Wednesday, February 24, 2010

Thoughts on Olbermann & Weiner

Hey Vig,

Recently, I heard Thom Hartmann, or one of his guests, explain why the Democratic party has no backbone, and continues to be so easily manipulated by the Republican'ts: the Democrats are behaving as a battered spouse behaves, after having been emotionally and physically beaten to a bloody pulp: the battering they experienced was the Republican't impeachment proceedings they brought against Bill Clinton.

Tonight, I heard Keith Olbermann's moving Comment about his dad and his plea that Congress think about what would help our country rein in healthcare's out-of-control costs, rather than what would be most politically expedient for their re-election chances.

Democrats MUST pass an effective cost-controlling healthcare bill which includes, at the very least, a viable public option and at best which opens up Medicare to younger people.

Keith Olbermann's comment on behalf of his father moved me to tears tonight.

Anthony Weiner, Democratic Congressman of New York moved me to cheers.

We need more Democrats to find their inner Anthony Weiner and dare to speak the truth out loud, with conviction and passion as Congressman Weiner did so inspiringly tonight.

We desperately need Senators and Congress-persons who will put personal gain aside in the interests of saving our country from the imminent demise of everything that once made America the land of possibility and hope. After the past eight years of the Busheney reign of terror and destruction inflicted upon our citizens, America is become a has-been debtor nation, which is down for the count as, incredibly, the Republican'ts lead Obama and the Congress around by their noses. Unbelievable, but true.

Thanks for being here, Vig, and providing a place to say what is on our hearts...

Saturday, February 20, 2010

How Much Does It Cost to Kill a Marine vs a Taliban?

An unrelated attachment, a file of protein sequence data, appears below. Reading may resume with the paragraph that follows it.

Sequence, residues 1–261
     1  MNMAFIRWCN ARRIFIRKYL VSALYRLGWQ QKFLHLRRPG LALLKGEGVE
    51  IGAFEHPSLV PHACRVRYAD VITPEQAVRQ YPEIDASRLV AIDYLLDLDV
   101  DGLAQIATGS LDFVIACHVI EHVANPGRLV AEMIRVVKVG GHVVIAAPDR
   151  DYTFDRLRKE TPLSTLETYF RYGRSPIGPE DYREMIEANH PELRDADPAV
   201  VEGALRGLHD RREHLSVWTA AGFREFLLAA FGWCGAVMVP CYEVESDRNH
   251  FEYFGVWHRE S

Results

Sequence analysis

The evocative term for the level of spending on a war is burn rate.

In Afghanistan, the burn rate is estimated to exceed $10 million an hour, or more than $8 billion a month. Much of that is literally burned — in the engines of American jeeps, trucks, tanks, aircraft and power generators. On average, each of the 183,000 soldiers currently deployed in Afghanistan and Iraq requires 22 gallons of fuel a day, according to a study by the international accounting firm Deloitte.

Because of a difficult and dangerous supply line that runs more than 1,200 miles through Pakistan, fuel for the troops in Afghanistan is considerably more expensive than for those in Iraq: an average of $48 per gallon counting the cost of transport and protection. Flown by helicopter to positions on remote Afghan front lines, the cost can reach $400 per gallon.

Which helps explain why Afghanistan “is one of the most expensive, perhaps the most expensive, war in U.S. history on a per troop basis,” says Todd Harrison of the Center for Strategic and Budgetary Assessments, a Washington think tank. His estimate of the cost per year of a soldier deployed in Afghanistan this year matches the number used by the White House – around $1 million. (The Pentagon says is it is less.)

The staggering cost of the war highlights an aspect of asymmetric warfare which is worth noting: the insurgent has a huge advantage on the financial front. While a Marine Corps combat brigade, for example, burns up around 500,000 gallons of fuel a day (or $24 million, at an average of $48 per gallon), the marines’ insurgent enemies use a tiny fraction of that. They ride around in pickup trucks, or walk. They do not move in Humvees that average four miles per gallon.

The cost-benefit advantage the insurgents enjoy in combat occasionally features on jihadist websites. One video clip makes the point that an improvised explosives device that costs $30 to make can knock out a $3.2 million Bradley Armored Fighting Vehicle.